You can drown after you leave the pool
“Mom panic and fear kicked into overdrive,” Kujawa wrote on her blog, Delighted Momma. “I frantically scanned the spa … his little head was bobbing up and down trying desperately to get air. I pulled him out as fast as I possibly could.”
The whole ordeal lasted about 20 seconds, Kujawa wrote. After he calmed down, Ronin seemed fine. But later that evening the little boy would be rushed in an ambulance to Children’s Hospital in San Diego, his oxygen stats dropping rapidly.
Doctors told Kujawa her son was suffering from the effects of a near drowning, sometimes called secondary drowning.
Secondary drowning can happen hours after a swimmer leaves the pool.
“Often referred to by lifeguards as ‘parking lot drowning,’ it is rare, but happens,” Alison Osinski, water safety expert and president of Aquatic Consulting Services, told CNN in an e-mail.
The Centers for Disease Control and Prevention and the Consumer Product Safety Commission don’t separate active (or wet) drownings from secondary drownings for their records. About 400 pool and spa drownings occur each year in the United States that involve children younger than 15 years old, according to a recent CPSC report; more than 75% involve children under 5.
With secondary drowning, a swimmer inhales water, either due to a near-drowning incident or sudden rush of water — as might happen when jumping from a high surface or exiting a water slide.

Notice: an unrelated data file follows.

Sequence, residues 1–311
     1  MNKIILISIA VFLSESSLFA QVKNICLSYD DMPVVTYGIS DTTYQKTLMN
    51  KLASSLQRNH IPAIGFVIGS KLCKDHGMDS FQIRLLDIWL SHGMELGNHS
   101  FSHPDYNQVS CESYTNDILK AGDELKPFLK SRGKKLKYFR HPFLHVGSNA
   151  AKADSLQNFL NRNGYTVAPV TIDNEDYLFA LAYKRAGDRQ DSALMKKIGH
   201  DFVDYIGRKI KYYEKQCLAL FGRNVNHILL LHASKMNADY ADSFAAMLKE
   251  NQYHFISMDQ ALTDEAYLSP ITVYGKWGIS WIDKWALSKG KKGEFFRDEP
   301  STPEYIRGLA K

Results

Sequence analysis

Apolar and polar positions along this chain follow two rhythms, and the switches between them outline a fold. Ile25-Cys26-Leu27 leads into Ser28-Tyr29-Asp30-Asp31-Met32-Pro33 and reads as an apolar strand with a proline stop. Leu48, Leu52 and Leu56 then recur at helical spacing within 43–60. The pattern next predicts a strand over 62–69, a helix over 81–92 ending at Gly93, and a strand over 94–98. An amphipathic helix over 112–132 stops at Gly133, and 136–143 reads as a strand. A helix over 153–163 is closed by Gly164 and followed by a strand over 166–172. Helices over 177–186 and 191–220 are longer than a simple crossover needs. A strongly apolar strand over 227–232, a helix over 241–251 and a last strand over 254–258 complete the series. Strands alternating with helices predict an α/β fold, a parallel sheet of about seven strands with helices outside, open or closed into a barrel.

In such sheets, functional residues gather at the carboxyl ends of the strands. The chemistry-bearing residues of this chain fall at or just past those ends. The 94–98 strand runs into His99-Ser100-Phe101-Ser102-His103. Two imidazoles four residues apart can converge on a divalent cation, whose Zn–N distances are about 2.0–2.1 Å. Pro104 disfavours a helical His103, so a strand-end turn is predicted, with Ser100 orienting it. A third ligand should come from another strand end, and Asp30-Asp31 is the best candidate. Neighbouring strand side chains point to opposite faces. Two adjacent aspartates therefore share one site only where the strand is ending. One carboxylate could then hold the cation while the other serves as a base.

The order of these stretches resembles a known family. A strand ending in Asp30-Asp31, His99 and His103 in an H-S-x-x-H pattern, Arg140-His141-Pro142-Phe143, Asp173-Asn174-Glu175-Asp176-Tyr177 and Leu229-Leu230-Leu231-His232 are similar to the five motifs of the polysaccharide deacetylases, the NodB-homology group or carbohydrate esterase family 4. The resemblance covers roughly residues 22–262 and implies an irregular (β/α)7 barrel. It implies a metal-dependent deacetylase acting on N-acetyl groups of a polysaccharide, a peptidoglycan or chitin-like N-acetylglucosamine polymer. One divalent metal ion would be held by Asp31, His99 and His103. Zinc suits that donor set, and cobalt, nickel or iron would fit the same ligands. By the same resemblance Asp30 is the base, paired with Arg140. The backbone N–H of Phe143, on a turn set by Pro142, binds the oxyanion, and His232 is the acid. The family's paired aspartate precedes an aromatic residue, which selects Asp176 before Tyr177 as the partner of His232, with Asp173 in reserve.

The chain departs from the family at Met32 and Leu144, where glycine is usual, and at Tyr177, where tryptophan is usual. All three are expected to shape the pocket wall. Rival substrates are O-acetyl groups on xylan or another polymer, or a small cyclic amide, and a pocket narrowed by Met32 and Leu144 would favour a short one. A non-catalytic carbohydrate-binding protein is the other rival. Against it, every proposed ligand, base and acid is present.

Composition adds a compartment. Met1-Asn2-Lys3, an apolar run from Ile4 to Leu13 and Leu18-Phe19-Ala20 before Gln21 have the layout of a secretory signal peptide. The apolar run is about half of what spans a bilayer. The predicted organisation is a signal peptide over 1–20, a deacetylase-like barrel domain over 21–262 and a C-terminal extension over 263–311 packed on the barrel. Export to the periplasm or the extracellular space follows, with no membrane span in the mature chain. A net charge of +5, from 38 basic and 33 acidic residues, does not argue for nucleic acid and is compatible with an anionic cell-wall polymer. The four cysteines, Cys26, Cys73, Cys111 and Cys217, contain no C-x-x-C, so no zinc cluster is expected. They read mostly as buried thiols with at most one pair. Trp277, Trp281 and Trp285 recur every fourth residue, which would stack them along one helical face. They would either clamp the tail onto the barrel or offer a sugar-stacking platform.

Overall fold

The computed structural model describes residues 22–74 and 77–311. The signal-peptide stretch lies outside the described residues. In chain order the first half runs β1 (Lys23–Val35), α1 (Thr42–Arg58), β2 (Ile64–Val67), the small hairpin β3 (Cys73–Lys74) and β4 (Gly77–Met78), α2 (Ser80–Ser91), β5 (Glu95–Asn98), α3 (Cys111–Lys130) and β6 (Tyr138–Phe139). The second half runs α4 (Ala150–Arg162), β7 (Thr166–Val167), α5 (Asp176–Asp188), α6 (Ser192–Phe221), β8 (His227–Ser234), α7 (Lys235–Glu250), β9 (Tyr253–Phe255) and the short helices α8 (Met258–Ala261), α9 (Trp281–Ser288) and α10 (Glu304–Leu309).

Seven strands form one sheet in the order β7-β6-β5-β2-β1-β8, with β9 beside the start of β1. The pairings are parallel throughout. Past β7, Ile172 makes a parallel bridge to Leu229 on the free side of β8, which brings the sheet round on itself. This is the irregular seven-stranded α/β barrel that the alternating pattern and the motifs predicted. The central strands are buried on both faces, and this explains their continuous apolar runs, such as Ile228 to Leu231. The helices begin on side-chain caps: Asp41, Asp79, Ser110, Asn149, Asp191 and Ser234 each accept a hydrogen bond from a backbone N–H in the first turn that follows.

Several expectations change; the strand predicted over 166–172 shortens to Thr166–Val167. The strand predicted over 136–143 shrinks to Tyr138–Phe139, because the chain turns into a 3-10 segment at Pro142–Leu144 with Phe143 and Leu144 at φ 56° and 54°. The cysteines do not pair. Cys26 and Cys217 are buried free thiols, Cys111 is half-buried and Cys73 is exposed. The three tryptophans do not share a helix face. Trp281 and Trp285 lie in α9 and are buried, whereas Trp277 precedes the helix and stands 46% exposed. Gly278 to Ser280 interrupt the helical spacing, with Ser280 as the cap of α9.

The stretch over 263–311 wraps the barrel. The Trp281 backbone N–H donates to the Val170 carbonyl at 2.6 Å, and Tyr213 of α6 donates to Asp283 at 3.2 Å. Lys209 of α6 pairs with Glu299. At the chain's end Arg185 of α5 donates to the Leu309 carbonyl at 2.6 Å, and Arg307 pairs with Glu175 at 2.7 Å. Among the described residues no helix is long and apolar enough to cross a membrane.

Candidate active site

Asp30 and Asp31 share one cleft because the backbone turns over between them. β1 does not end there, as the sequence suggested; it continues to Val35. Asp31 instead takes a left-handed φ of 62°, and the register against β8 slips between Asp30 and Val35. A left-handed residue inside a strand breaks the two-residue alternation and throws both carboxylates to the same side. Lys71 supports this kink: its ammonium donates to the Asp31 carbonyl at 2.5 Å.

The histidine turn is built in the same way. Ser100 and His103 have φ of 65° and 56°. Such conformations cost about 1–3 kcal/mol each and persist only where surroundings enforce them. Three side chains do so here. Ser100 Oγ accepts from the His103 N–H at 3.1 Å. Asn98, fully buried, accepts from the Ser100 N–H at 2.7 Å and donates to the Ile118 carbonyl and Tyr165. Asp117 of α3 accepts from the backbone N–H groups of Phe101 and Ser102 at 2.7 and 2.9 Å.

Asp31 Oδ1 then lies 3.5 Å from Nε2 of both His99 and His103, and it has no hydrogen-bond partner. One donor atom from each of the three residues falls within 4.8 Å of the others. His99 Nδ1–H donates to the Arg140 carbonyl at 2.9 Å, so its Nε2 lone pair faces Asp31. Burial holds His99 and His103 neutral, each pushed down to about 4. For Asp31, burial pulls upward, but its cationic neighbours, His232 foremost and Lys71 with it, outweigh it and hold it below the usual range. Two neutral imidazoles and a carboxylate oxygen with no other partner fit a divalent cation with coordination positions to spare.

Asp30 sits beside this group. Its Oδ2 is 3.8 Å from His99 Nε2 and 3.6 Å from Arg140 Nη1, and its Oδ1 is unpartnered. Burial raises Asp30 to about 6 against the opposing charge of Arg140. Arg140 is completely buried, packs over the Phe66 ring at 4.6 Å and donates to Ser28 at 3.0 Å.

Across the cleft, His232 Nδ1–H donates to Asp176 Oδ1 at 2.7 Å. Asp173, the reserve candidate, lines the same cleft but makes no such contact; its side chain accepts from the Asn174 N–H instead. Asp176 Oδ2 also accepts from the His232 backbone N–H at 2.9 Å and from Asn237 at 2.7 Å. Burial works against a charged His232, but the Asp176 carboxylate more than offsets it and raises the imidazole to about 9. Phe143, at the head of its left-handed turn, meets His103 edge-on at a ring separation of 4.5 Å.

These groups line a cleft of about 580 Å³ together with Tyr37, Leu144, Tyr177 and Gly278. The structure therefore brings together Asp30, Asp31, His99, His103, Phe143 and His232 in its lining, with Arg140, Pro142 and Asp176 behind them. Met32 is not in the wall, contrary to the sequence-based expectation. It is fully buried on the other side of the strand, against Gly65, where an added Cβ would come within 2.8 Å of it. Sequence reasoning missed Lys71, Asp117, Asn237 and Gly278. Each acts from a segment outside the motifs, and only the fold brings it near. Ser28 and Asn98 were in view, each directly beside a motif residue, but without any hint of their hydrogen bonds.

“It happens in seconds because it’s just a matter of getting water past the vocal chords before the body’s had time to react,” Dr. Sarah Hoehn with the pediatric ICU at University of Kansas Hospital told CNN affiliate WAFF.
The swimmer often appears fine immediately after the event. But over time, water left in the swimmer’s lungs begins to cause edema, or swelling, said Dr. Juan Fitz, a spokesman for the American College of Emergency Physicians in Lubbock, Texas. When the lungs’ alveoli are filled with water, they cannot exchange oxygen to and from the blood. This causes the heart to slow as the swimmer’s blood oxygen level drops.
Inhaling pool water can also cause chemical pnuemonitis, or inflammation of the lungs due to harmful chemicals.
Symptoms appear 1 to 24 hours after the incident. They can include persistent coughing, shortness of breath, chest pain, lethargy, fever and unusual mood change, Osinski said.
If the swelling is caught early, Fitz said, doctors can administer oxygen and try to remove the fluid from the lungs using diuretics and positive air pressure.
If not treated, “complications will develop and will progress to pulmonary edema (evidenced by a pink frothy discharge from the victimʼs nose and mouth), hypoxia/anoxia, respiratory and cardiac arrest, and death,” Osinski wrote in a report about another secondary drowning incident in 2010.
Doctors treated Ronin for oxygen deprivation and chemical pnuemonitis after he arrived at Children’s Hospital. He was discharged the following night.
“He is doing great,” Kujawa posted Monday morning. “I have both boys in swimming lessons three times a week. … Ronin is slowly getting more comfortable with the water and my hope is that he will learn to love the water and swimming will soon be second nature to him.”
The American Red Cross recently launched a national campaign to reduce the drowning rate in 50 U.S. cities by 50% over the next three to five years. Check with your local pool for certified swimming instructors and classes.